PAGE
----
Internet in Africa is more than just Nigerian spam. There are honest African bloggers
who fight corrupt government and police to go where mainstream journalists dare not. Compare their blogging experience with your own. Imagine the government calling you over the phone at night and questioning about a particular post you just wrote.
posted by Surfin' Bird
on Jul 3, 2008 -
An Indonesian TV crew was invited to Malaysia for their Visit Malaysia Year 2007 campaign but encountered many problems. They write up about it
- and start a flurry of comments and controversy across the Malaysian government about blogging. [more inside]
posted by divabat
on Apr 6, 2007 -
Feds seek to gag D.C. Madam this madam threatens to spill the names about the biggies that used her services and so:
[...]government lawyers claim that some discovery documents contain "personal information" about Palfrey's former johns and prostitutes that is "sensitive." The prosecution filing does not detail the nature of this confidential information, though the identity of Palfrey's D.C. customers would surely be cloaked if the protective order was signed by Judge Gladys Kessler[...]
posted by Postroad
on Mar 7, 2007 -
Blogspot, Geocities, and TypePad blocked in India.
Indian ISPs, who had been ordered by the Indian government to block certain
, have blocked the entire blogspot.com, geocities.com, and typepad.com
(by IP), rendering hundreds of thousands of blogs inaccessible in India. The block
was ordered by the government apparently because terrorists were using blogs to
co-ordinate their activities. Indian bloggers, upset
at the blanket ban
, have started
to keep track of the situation. They have also created a mailing
to discuss the issue. Some prominent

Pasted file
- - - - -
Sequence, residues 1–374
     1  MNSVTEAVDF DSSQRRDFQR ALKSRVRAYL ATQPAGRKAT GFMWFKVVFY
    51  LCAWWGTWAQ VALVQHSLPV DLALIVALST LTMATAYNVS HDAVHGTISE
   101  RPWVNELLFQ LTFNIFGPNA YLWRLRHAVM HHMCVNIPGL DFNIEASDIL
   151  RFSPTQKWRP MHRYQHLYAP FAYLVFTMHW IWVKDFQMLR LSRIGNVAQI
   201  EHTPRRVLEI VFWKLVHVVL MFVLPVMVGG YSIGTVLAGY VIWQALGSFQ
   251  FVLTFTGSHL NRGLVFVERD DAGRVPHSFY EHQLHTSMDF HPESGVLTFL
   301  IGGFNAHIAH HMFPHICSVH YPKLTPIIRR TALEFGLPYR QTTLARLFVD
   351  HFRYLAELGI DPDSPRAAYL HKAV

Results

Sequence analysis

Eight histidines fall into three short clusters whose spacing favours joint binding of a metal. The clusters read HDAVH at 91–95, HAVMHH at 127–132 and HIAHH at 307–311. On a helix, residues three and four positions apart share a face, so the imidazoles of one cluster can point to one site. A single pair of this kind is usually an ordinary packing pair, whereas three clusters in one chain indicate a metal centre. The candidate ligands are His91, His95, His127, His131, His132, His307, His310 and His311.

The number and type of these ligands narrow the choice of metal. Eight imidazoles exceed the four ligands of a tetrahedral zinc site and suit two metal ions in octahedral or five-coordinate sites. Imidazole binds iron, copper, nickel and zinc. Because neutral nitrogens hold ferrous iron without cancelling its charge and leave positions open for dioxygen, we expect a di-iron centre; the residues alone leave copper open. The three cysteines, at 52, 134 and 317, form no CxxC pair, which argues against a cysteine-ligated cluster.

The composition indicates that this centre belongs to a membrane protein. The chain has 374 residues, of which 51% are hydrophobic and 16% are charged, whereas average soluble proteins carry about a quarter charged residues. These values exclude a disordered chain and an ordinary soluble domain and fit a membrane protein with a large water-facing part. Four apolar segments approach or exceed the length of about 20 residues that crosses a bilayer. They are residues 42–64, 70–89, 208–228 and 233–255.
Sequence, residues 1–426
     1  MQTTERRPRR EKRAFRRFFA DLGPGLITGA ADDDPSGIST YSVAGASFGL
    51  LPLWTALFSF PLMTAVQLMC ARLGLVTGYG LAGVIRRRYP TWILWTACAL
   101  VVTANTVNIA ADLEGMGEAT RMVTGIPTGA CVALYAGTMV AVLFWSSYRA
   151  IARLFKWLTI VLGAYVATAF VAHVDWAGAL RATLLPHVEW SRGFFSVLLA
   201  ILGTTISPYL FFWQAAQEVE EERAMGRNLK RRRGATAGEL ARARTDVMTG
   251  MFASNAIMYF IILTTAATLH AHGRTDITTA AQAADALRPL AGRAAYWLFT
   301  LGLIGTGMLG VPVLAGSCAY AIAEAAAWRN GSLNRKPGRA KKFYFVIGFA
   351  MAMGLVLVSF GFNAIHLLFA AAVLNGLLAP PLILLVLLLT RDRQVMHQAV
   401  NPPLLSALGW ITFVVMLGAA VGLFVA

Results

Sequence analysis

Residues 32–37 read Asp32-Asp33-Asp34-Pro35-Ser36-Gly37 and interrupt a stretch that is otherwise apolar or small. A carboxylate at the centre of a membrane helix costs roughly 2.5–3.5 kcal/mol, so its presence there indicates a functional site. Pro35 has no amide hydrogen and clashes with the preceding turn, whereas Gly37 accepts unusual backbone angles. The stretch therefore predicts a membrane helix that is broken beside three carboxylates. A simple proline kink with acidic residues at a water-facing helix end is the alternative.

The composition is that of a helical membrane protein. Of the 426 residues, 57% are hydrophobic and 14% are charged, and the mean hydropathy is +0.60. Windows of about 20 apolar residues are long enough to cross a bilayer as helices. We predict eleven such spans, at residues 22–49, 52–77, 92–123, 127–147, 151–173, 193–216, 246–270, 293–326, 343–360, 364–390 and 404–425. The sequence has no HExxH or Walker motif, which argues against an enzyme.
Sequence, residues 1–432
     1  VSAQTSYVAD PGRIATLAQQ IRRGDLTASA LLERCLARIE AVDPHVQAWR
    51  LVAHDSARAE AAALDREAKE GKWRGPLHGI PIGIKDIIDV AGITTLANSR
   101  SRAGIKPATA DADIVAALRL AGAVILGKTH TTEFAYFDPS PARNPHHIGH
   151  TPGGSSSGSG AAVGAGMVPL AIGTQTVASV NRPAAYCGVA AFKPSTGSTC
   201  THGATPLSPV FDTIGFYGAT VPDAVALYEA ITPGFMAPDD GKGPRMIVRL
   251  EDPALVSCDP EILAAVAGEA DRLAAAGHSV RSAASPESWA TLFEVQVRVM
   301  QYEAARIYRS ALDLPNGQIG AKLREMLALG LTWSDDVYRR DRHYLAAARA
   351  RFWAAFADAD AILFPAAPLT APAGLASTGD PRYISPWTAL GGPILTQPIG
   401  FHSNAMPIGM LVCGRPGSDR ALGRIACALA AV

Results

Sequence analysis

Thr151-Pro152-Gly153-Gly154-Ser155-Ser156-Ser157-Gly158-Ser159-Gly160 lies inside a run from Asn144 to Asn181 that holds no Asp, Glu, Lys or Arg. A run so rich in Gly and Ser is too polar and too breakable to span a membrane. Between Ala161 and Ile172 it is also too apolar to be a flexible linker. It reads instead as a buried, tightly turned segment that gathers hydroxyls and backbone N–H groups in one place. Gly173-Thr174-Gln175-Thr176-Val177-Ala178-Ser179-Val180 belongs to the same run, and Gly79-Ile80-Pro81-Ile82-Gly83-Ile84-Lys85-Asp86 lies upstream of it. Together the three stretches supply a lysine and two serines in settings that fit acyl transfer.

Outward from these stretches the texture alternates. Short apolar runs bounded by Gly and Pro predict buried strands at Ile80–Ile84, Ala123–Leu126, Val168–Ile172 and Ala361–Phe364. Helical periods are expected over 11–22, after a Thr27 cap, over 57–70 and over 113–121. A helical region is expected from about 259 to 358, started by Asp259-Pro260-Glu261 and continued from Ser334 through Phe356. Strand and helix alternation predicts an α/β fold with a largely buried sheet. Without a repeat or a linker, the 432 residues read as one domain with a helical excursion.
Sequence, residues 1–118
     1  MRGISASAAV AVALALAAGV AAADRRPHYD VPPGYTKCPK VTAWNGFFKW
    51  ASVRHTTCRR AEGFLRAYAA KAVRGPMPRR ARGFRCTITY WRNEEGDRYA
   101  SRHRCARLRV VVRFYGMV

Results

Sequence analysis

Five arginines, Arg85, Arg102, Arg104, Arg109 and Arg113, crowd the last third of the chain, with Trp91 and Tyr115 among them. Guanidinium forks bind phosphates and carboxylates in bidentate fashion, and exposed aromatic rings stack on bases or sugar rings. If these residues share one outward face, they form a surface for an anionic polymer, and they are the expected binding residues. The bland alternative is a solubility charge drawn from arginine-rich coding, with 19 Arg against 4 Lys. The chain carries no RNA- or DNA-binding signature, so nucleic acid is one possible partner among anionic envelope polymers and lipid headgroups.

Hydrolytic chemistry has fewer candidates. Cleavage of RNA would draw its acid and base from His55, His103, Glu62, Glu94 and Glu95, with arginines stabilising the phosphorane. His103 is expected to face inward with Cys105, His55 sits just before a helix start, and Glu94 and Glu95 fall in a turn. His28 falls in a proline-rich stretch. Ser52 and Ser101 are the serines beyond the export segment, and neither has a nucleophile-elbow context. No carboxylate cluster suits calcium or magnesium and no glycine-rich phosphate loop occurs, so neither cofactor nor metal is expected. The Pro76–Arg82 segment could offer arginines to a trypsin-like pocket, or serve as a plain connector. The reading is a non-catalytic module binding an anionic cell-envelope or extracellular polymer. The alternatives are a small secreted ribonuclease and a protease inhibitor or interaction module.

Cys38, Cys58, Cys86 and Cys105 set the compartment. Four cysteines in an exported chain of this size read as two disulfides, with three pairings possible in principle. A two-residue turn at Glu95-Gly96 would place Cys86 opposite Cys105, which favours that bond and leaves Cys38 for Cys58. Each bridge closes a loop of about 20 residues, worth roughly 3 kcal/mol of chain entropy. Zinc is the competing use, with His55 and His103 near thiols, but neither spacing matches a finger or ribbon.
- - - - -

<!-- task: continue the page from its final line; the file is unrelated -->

tracking updates. Indian laws require
ISPs to install filtering equipment and follow government orders to block sites,
or the can lose their licence to operate. This is not the first time such an
incident has occurred. In 2003, the government ordered a block on a Yahoo group
that was supposedly anti-national. Indian ISPs ended up blocking
Yahoo Groups completely
. India's recently introduced Right-to-Information
, which many bloggers are planning to use, gives the government 30
days to respond to an RTI request. In the interim, despite national
and international coverage
of the issue from the likes of New York Times
(linked earlier), Washington
, and WSJ
(paid reg. required), these major blogging sites remain blocked.
posted by madman
on Jul 19, 2006 -
The Children's Internet Protection Act
is hunky dory, according to the Supreme Court
. This means that public libraries are required by law to have web filters on public terminals.
While it's great that children will now be forever protected from the evils on online pornography, the drawback is that most filters are so unreliable that just me mentioning the word "sex" in this post could get Metafilter blocked by a web filter.
posted by zedzebedia
on Jun 23, 2003 -
"You don't have to burn books now," says Thomas. "You just press the delete key."
Two unabashedly partisan reports
of the Bush administration's clandestine campaign to "tighten up" anything from online government sources dealing with the development of Alaskan mineral resources.
We've done the debate on Alaska, but what about the ability to amend online records? The old administration's sites are meant to be preserved by law, but plenty appears to have been deleted in the name of "polishing":
"We changed value-laden words like 'destroy' to 'impact.'"
Newspeak in action? Should government-run sites be required to carry a Changelog?
posted by holgate
on Apr 14, 2001 -
Here is a chance to show what you are made of. Quit your high paying job you have now, for one that will give you the opportunity to "help the children."
posted by brent
on Feb 12, 2000 -